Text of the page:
During the development of the new version of Acutario in Elixir, we had some issues related to notification dispatching.
One of the improvements we are working on is the possibility of sending notifications to multiple services, like e-mail, Slack, push notifications to mobile apps…
That functionality make us face with the problem of using different strategies depending on a concrete scenario that can be different for each user we want to notify, so we decided to develop a library that help us to manage all that cases. And we called it Ravenx.
The library is made of strategies, which define a way of sending a notification (Slack, e-mail, APNS, etc), and they have an standard interface, so its internal behaviour is abstracted from the outside. …
Having automated tests in a repository can be considered a must-do in any kind of project. In Elixir/Phoenix we can create complex and maintainable tests in a short time but, how can we integrate it with CircleCI?
CircleCI is just another continuous integration platform, free for both public and private repositories. The main advantage is that, as it’s based on top of containers, you can can access via SSH to the container where your tests are running and debug environment/build issues easily.
CircleCI doesn’t have native support for Elixir/Phoenix projects, so the only option left is trying to automatise the installation of the environment needed to run the tests. …
Una de las arquitecturas más populares actualmente es la de centralizar los datos en APIs, separándolos de su representación y haciéndolos disponibles para todo tipo de clientes.
Si bien en ocasiones los contenidos de dichas APIs no necesitan ser consultados en tiempo real, también nos encontraremos casos en los que la respuesta tiene que ser lo más rápida posible y actualizada a los últimos datos disponibles. Para este último caso se puede llegar a una solución intermedia empleando las posibilidades de caché que nos aporta Ruby on Rails junto con Grape, Grape-Entity y Redis.
Si bien no es estrictamente necesario, hay bastantes posibilidades de que en una API desarrollada con Ruby on Rails se utilice grape para encargarse de la creación de los endpoints, el versionado, autenticación, etc. …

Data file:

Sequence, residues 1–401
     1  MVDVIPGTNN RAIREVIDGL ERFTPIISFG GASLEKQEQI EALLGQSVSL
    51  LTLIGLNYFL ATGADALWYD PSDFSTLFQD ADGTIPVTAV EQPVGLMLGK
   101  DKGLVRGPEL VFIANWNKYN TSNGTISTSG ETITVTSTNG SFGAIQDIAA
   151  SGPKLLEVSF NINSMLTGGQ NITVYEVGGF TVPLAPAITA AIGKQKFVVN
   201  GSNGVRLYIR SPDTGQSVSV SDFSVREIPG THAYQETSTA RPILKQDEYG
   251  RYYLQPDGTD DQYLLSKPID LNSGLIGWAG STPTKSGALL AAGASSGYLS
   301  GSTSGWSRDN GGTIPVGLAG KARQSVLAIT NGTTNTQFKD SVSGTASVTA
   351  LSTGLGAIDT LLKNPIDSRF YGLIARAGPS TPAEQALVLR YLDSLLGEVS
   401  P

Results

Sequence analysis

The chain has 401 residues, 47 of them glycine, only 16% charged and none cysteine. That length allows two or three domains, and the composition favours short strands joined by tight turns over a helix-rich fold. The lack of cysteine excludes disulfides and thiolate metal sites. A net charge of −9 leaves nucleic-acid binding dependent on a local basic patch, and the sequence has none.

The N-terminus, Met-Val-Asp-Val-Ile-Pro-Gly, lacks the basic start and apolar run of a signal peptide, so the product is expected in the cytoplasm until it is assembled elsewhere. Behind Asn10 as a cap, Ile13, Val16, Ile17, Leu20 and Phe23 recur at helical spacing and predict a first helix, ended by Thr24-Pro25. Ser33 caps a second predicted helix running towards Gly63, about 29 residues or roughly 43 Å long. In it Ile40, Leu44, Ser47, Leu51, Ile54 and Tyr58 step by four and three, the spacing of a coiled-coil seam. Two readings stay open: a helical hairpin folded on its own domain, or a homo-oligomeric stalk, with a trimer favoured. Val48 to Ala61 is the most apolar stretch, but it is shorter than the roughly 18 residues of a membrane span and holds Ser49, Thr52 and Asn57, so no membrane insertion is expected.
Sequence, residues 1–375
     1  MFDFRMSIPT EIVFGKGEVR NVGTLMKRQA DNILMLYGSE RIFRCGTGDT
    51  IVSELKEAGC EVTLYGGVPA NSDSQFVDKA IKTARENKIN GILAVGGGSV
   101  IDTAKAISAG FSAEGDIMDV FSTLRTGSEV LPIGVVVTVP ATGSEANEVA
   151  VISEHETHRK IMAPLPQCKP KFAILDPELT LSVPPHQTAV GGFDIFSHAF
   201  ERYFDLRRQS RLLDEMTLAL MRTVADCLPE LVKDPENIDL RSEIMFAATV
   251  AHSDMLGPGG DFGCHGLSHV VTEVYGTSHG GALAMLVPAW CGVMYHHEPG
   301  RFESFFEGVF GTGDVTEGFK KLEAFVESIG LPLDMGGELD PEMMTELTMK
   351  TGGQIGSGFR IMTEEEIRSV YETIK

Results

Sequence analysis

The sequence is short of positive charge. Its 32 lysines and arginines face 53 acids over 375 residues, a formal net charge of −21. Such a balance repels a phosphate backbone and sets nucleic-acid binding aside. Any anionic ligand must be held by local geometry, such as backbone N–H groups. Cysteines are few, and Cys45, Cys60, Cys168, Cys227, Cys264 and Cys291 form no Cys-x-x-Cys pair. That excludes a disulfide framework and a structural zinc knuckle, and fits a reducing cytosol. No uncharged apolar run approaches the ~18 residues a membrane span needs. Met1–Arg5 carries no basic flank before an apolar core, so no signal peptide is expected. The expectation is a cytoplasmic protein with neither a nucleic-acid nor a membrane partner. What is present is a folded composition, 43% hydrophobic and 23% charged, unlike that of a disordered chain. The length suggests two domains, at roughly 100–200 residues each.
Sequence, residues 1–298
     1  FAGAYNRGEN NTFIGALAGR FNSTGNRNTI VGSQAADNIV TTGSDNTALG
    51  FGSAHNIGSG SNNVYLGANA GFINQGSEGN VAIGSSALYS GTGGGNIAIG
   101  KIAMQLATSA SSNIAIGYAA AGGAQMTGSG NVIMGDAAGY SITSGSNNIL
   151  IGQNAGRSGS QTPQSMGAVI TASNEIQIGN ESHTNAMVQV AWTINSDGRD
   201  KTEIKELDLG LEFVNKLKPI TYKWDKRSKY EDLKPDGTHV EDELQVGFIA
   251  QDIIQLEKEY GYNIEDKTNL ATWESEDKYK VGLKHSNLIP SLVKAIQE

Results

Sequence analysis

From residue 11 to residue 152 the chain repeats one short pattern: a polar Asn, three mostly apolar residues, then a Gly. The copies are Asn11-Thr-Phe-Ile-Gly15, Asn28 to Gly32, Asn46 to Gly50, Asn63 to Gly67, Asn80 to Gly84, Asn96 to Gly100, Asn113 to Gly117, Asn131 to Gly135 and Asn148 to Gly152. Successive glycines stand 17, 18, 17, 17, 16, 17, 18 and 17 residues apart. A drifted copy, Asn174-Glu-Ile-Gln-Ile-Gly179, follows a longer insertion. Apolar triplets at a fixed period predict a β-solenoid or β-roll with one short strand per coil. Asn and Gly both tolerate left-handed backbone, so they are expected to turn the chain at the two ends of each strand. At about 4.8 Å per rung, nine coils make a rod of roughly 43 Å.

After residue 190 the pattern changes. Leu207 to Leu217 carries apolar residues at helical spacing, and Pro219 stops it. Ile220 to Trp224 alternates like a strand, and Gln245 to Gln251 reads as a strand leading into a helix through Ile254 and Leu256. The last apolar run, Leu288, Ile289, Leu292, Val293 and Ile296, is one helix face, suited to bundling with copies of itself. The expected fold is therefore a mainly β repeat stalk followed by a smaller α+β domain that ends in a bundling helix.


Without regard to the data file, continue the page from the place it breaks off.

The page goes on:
I’m a big fan of CloudFlare, but I always have to use a third party service to map my domains to a dynamic IP.
But thanks to the JSON API that CloudFlare uses, now we can update the IP address used in a domain by just issuing a request.
To use this cool feature, you will need a few things:
Also, you’d need to know the ID of the record that you want to update. To obtain it, you only need to issue a command to the…
A few days ago I was trying to find my perfect playlist for work, and I realised that there wasn’t only one. Some times you just want a continuous stream of songs, related to a genre or a search. That’s how PipedBeats idea came to my mind.
PipedBeats is a radio streaming web application that let you to define a genre or some keywords to create a random stream of tracks (generously provided by SoundCloud API) to help you concentrate (or not, it’s up to you!) during your work (or relax) hours.
This week I have been playing a bit with custom routes using ui-router, one of the most popular routers available in the AngularJS ecosystem.
My first idea was to search some data using two optional variables (we will call them var1 and var2). This can be easy, but analysing the use cases we found that:
Now, we have three different scenarios that can be resolved in a few different ways:
Sometimes you may want to do one specific task that requires to build/install some software and/or libraries just to run it once.
Normally it’s very painful to do it in your computer/server because it could left some files that you aren’t going to use, or just because you want to keep your system clean.
I’ve found myself with this problem this weekend, and the solution was very easy: use a specific Docker instance for that.
We want to create a Docker container for the application we need and it’s libraries.
In a normal situation we would create a Dockerfile with instructions to build the whole container, exposing some ports (if it’s a network service) and some mount points. But due to the fact that this machine is going to be use once, it doesn’t care if we do a more manual work. …
During the last weeks I have been working in building my first real Node.js application (in fact, I’m currently using a MEAN stack). So the first step was to look for a good application structure.
TD;LR: if you want to go directly to the code, you can go to this GitHub repository
But.. Why? The short answer is to be able to create a maintainable project, in which anyone can find a specific piece of the app without having to kill me first.
To achieve that, the first step was to look at well known structure for me: the project tree used in a Rails application. …
Last weekend I made a fresh installation of OSX in my personal computer. As the latest version of OSX, El Capitán (10.11), has been released the past week, it was the version I installed.
Also, I decided to look after Rbenv and compare it with RVM (Ruby Version Manager). After looking in some pages like this, it’s clear that the best option (maybe the best structured) is Rbenv, while RVM provides a more comfortable way of managing Ruby versions and gemsets.
In a few words, Rbenv provides:
Today I’ve been installing OpenVPN server on my home server to being able to securely connect to my local network from anywhere. This can allow you to:
In order to get it, my first thought was to install the server on the bare metal machine (not on a Docker instance) because it may require some network privileges that can make it unable to work behind the Docker network layer. …